Many do. Or at least seem to.
As a strong believer in sports, I’m re-examining just what made me (and makes me) so passionate about them.
Kids don’t love sports in a vacuum. When a kid has a bad coach, or their team is mean to them, they often stop playing the sport or become less enthusiastic. Understandably so.
Kids love friends and belonging. So does everyone. Sports provide that feeling for countless young people.
Winning is fun. Being competent is fun. Losing is not fun. Sports encourage competence, winning and the avoidance of loss at all costs. Winning makes us feel proud, and sometimes, superior. These are powerful feelings, especially when strongly encouraged by parents and family.
Exercise is fun and rewarding in itself.
Taking all these things into consideration, sports are a healthy way to meet people, to stay fit and to conform to many social norms. The general nature of competition and the “us vs. them” mentality feels like a negative byproduct that is created by innate feelings of insecurity linked to losing, or being thought of as lesser. Winning is fun when you know you’ve worked hard and done well. Boasting and feeling superior is the unhealthy extreme side of that same coin.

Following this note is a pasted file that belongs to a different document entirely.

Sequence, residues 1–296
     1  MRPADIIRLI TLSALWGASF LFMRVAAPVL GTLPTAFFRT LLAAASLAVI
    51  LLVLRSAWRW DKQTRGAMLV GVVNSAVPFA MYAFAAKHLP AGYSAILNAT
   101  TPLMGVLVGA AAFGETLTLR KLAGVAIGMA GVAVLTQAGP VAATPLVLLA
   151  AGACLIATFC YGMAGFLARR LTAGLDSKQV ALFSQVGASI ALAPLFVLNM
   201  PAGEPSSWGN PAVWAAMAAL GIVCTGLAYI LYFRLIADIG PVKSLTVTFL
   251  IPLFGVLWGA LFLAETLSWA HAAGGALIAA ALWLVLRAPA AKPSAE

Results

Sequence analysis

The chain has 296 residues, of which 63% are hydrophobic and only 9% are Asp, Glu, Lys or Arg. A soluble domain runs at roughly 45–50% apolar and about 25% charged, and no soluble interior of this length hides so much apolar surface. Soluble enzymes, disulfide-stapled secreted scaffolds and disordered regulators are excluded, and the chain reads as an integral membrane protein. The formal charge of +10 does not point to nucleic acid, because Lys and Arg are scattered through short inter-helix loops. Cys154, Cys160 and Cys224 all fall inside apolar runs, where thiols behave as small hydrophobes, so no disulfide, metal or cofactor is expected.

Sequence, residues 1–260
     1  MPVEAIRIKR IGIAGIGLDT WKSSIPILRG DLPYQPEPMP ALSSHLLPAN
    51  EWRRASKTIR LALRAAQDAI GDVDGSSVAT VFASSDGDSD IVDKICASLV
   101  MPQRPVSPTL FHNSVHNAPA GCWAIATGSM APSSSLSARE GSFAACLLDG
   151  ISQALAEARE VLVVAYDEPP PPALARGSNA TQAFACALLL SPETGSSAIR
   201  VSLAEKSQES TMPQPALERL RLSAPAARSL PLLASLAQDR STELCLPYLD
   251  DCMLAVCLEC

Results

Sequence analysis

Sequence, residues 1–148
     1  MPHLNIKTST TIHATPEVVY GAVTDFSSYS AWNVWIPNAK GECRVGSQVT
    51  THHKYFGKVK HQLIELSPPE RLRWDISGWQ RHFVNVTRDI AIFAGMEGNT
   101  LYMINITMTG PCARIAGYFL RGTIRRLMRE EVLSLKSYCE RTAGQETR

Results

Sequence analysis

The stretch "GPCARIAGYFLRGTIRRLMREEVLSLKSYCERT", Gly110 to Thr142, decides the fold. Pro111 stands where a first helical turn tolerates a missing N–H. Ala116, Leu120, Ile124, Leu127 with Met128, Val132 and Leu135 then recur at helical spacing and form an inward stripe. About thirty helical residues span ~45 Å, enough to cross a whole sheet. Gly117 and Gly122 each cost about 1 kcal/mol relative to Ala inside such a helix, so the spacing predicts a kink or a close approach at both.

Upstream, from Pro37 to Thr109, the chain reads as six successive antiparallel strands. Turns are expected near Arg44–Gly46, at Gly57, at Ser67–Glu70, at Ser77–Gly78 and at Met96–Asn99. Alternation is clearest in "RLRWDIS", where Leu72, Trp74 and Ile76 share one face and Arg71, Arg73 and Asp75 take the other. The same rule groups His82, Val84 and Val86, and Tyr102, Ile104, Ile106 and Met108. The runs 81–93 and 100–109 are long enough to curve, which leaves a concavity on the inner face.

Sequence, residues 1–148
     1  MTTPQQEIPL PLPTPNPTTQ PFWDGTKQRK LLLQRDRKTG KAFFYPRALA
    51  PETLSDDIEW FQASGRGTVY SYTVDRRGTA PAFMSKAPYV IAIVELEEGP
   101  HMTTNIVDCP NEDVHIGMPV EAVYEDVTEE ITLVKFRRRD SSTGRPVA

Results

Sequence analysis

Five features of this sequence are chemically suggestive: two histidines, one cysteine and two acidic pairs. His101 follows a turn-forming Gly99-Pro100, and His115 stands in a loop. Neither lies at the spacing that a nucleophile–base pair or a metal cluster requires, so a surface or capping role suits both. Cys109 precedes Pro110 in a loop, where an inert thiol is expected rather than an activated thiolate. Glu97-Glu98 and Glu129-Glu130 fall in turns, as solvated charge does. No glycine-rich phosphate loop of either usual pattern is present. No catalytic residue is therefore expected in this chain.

Overall, I think kids like sports to varying degrees. As someone who played 12 seasons of sports in high school, the sport was often a vehicle for the friends, the belonging and the physical activity. In another life, boy scouts could have filled the same void. Same with horseback riding or dance.
I think what’s important to recognize here is that all the other stuff, the friends, the coaches, the parental support etc… is just as important, if not more important than the actual game play. A love of sport and physical activity is much more important than the quality of your team of eight year olds. It’s not worth beating the passion out of a kid over a loss in the 3rd grade league.
Love play, love self improvement and love the team. The rest will come.